Boy’s eyes swelled shut after Facebook VR headset gave him allergic reaction

A furious mum has warned that Facebook's new must-have Oculus Quest virtual reality headset “could kill someone” after her son was rushed to hospital with a severe allergic reaction.

Lewis Gray, 13, was thrilled when his grandparents have him an Oculus Quest 2 for Christmas and couldn't wait to strap it to his head and get gaming.

It wasn't until the next day that his mum Kirsty Reed, 33, started to notice the skin around his eyes and forehead was starting to go red.

He was taken to hospital when his eyes started to swell shut, and doctors diagnosed an allergic reaction.

Kirsty later discovered that manufacturers Facebook had received 5,716 reports of facial skin irritation following use of the headset, with reactions including rashes, swelling, burning, itching, hives, and bumps.

Kirsty, from Chertsey, Surrey, said: "He played with it Christmas Day on and off over a period of a few hours.

"When he woke up on Boxing Day morning there was irritation along his cheekbones and on his forehead.

"It almost looked like he was wearing blush.

She gave him some antihistamines but the next morning his eyes were “nearly shut with the swelling."

Lewis’s dad Christopher Gray, 39, rushed him to the urgent treatment centre at St Peter's Hospital in Lyne.

When the doctor saw him, they suggested it was likely a delayed allergic reaction to the headset and prescribed him some antihistamines and precautionary steroids.

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Kirsty said: "It's worrying because you don't know what's going to happen or if the reaction's going to go further onto the throat.

"Anaphylaxis was a major concern as the swelling was so much.

"The doctors had said if you get more irritation in his eyes or it swells more we would have to go straight back.

"It could have completely closed his eyes if it had continued.

"Lewis was, in his words, p****d off.

"It's not very nice. I don't think he fully understood until he spoke to the doctor."

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Support worker Kirsty looked into the issue, and found that the product had been temporarily recalled in July.

Facebook, who own Oculus, started receiving reports of skin irritation in December 2020 and started an investigation.

In April, they revealed that they had "identified a few trace substances that are normally present in the manufacturing process which could contribute to skin discomfort."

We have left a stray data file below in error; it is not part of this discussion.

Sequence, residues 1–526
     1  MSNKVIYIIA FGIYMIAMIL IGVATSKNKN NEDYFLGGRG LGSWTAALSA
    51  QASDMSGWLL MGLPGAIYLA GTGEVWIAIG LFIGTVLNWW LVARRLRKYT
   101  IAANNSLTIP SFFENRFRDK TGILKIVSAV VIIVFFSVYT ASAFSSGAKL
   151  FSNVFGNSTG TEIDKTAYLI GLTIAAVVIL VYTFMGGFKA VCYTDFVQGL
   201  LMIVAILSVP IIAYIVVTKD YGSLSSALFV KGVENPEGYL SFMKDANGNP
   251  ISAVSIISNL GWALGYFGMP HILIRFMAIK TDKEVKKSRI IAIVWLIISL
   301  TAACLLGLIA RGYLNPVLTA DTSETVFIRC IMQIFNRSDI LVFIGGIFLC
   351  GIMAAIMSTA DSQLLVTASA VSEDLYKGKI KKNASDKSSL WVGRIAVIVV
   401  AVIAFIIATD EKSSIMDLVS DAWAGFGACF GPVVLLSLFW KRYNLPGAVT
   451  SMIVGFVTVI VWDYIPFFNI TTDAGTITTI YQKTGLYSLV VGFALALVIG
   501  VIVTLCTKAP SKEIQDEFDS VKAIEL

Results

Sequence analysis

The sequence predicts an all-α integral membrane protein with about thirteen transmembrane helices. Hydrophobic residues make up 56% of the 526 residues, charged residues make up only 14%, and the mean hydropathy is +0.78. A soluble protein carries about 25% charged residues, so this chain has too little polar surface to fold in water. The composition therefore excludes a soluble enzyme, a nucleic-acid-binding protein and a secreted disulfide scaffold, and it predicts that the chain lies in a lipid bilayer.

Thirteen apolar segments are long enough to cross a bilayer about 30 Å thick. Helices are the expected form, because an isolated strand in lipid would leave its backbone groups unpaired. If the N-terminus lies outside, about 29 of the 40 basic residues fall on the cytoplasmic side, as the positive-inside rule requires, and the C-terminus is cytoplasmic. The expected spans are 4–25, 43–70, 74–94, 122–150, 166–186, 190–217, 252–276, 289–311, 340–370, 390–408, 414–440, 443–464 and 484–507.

It added that, even though these were within industry guidelines, they had "changed [their] process to reduce them even further."

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But, in July, another notice was put on the Oculus website stating that as more people had started using the headset, more cases came in.

It read: "We've received reports that a very small percentage of Quest 2 customers were experiencing skin irritation after using the Quest 2 removable foam facial interface."

They also then offered a free silicone cover to headset owners to protect their skin, and that all new units would include one from August 24.

A recall alert showed that Facebook received 5,716 reports of facial skin irritation, with reactions including rashes, swelling, burning, itching, hives, and bumps, following use of the Oculus Quest 2.

They also received over 40 reports of consumers requiring medical attention.

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Kirsty said: "What I can understand from what I've read up is that it’s the foam on the headset itself and there is chemicals.

"But it doesn’t say anything could cause irritation in the information booklets that come with it.

"It took me some digging to find the issues."

Lewis' device did come with a silicone cover, but Kirsty claims there was no indication as to why it was included.

While there were warnings included for epilepsy and that the product wasn't suitable for children under 13, Kirsty couldn't see anything mentioning potential skin irritation.

She said: "It didn't even come with cover on it, it's separate which makes you think if this is an issue why doesn't it come with it on?

"It's a really high-tech gaming device that a lot of children want and we need this warning about the potential risks involved.

"Why are they still producing it exactly the same when they know there's a problem?

"Lewis is quite fortunate he doesn't have underlying [allergies] but for someone who's prone [to] anaphylaxis it could kill someone."

The furious mum-of-two contacted Oculus, who told her to stop her son using the product.

Facebook Reality Labs, who own Oculus, published a letter in July addressing the reports of skin irritation.

Boss Andrew Bosworth wrote: "We took the skin irritation reports very seriously as soon as we learned about them and, beginning in December, we promptly conducted a thorough investigation including receiving advice from leading dermatologists and toxicologists.

"These experts have advised that skin irritation can occur in some segments of the population from many household items—even things like tomatoes or shampoo—and that the rates we’ve seen are in line with expectations.

"Our investigation determined that our manufacturing process is safe, meaning no unexpected nor hazardous contaminants were found in the Quest 2 foam interface or manufacturing process."

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